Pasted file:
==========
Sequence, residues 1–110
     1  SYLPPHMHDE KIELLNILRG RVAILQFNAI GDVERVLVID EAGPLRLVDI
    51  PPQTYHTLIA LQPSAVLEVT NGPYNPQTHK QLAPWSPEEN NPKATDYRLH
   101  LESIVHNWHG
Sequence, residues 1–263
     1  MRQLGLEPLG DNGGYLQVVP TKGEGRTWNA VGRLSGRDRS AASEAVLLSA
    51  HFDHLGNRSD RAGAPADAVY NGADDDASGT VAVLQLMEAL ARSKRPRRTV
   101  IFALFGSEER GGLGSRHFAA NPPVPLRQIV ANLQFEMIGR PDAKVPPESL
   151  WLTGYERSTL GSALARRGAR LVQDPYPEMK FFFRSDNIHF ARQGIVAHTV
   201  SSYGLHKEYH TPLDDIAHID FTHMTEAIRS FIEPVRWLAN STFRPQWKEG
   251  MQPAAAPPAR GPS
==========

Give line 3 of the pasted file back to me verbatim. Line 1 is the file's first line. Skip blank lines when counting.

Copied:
    51  PPQTYHTLIA LQPSAVLEVT NGPYNPQTHK QLAPWSPEEN NPKATDYRLH